Young people in big cities are increasingly deserting high-tuition costs, rising fees, and stressing over tests to dive right into entrepreneurship.

Many of these young adults are taking their high school dreams and trying to turn them into reality through branding.

With the use of the Internet as a marketing tool, these ambitious teens are following the footsteps of major brands such as BAPE (Bathing Ape) by starting off with logo T-shirts.

Christopher Hong was inspired to start his own brand, Divinities, by hanging around one of the biggest areas for retailers of street wear in the world–Fairfax Avenue–because, “[he] wanted to create a brand of his own that he could express some of his visions based on his own lifestyle. He wanted to create something for his ‘homies’ and at the same time bring something to the table.”

Hong says that his main inspirations are other cultures and music. He is not alone in this new wave of entrepreneurship. Many other expanding brands that are well known on the Internet and created by young people are include Peas ‘N Carrots International, Jane Doe LA., Peace L.A, Dertbag Design, and Thebrandwithnoname.

The graphic design, photography, screen printing, and marketing for these brands are all done by people under 20 years old, and many of these brands are derived from the skateboarding street community. They continue to grow through the music, art, and already-built empires such as Dirty Ghetto Kids by skateboarder Stevie Williams, who set the standard.

The reality for these ambitious teens is that some of them will make it far in the industry and others will fail, but one thing is for certain, all of them have a head start in the world of business and manufacturing.

When I asked Christopher where he sees his brand in the future he responded, “I see us very relevant to those who haven’t noticed us. I see the brand expanding to new heights. People will be able to point us out, so it’ll all come together soon,” said the designer, who pointed out that the brand is continuing to grow with the help of supporting friends and already established influencers in the industry.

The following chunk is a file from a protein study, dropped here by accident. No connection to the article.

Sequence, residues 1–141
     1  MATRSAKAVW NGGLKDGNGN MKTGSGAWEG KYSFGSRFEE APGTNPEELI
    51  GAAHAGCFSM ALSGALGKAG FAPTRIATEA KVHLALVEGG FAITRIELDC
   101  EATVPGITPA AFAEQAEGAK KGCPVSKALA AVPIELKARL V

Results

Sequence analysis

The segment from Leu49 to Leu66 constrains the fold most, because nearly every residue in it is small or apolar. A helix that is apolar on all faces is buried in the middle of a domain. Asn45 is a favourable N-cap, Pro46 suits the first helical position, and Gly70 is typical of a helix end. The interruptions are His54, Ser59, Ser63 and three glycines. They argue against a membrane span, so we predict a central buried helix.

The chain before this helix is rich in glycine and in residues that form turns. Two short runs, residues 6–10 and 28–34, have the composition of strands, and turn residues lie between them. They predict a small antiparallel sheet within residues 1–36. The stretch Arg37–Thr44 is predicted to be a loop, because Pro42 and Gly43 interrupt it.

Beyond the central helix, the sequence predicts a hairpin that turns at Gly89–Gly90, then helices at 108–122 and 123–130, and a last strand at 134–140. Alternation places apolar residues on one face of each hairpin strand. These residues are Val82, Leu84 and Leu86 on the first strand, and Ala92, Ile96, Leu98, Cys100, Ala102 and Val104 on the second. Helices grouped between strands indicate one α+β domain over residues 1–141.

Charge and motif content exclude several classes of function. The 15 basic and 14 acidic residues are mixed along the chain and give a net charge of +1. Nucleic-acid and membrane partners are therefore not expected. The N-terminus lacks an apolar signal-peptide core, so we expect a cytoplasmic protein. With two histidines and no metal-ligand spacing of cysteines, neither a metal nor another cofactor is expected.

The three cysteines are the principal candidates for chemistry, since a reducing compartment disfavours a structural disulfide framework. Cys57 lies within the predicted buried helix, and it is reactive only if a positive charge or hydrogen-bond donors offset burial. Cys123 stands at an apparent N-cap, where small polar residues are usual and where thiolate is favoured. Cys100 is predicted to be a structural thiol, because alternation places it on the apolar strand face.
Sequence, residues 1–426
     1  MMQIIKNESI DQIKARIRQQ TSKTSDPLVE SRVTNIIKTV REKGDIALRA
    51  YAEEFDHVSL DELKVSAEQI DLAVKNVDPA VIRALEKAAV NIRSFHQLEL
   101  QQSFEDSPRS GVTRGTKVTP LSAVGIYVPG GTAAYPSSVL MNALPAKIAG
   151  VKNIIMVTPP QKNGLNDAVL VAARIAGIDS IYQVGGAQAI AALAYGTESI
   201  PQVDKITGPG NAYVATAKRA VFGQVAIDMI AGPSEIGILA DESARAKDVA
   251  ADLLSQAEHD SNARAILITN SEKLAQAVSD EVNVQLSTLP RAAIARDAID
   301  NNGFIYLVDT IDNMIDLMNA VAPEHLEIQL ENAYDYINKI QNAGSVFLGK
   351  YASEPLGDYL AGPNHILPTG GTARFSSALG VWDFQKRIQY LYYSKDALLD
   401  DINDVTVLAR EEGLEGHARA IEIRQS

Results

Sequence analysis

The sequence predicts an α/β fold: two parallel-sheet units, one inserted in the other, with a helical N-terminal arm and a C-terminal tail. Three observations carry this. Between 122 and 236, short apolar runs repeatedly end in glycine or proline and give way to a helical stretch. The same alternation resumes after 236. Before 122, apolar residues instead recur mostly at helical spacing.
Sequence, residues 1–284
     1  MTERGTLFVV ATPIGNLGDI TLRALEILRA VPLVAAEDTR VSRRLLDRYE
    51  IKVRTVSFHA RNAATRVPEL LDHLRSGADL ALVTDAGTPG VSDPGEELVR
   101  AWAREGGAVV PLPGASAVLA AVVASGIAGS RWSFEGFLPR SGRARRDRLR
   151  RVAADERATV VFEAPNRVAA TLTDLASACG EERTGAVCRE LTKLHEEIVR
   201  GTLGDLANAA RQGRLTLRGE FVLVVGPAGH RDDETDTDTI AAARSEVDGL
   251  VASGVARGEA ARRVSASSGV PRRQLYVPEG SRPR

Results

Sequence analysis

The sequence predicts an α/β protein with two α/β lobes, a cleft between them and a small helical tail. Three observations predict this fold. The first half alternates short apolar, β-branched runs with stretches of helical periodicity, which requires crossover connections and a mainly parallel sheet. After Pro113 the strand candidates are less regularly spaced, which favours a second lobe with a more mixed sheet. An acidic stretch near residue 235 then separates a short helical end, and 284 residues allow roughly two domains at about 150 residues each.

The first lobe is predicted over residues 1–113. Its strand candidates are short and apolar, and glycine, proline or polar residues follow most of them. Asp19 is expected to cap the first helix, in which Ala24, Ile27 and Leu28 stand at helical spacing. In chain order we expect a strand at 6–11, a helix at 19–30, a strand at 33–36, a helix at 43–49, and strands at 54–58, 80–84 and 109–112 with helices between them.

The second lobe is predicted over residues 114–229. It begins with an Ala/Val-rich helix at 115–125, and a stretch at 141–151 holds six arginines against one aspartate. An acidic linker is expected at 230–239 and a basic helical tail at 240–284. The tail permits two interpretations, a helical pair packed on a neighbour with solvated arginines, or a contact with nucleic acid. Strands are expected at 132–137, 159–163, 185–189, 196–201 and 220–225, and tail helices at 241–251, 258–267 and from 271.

Another young entrepreneur, Sheranne Jackson of Peace Los Angeles also has a vision of street-wear apparel that she is putting into action. She is adding something new to the game by marketing to and delivering products to the growing female community that is often overlooked–tweens, skaters, etc.

Peace Los Angeles is a brand that wants to bring awareness of social injustices, education, and promote creativity. Collaborating with Miss U.S.A. contestants, Jackson has gained supporters of her mission. Her brand includes retro crocheted hair wear that accent her screen printed shirts–a style that has been popular in California for many years.

Don Tapscott author of “Grown Up Digital: How the Net Generation Is Changing Your World,” and co-author of “Macrowikinomics: Rebooting Business and the World,” predicts this pool of young entrepreneurs will be greater in the upcoming years, because of this generation of Internet-savvy teenagers.

According to the government, there has been a 46 percent increase in the number of people dropping out of college to become their own boss. He believes that because of this increase in young people who are becoming more creative and self governed through blogging and social networking sites, the power structure of the working community is changing. More people prefer to be their own boss.

While the idea of doing their own thing is intoxicating, there is major competition for the local brands created by young entrepreneurs. That’s because major companies can outsource production of their goods which drives down their costs and enables them to sell to the public much more inexpensively.

Tapscott believes that marketing is no longer about finding out how to relate with your consumers as much as it is important to engage the consumers within the company.

More information about these upcoming CEOs can be found on their websites–,,,, and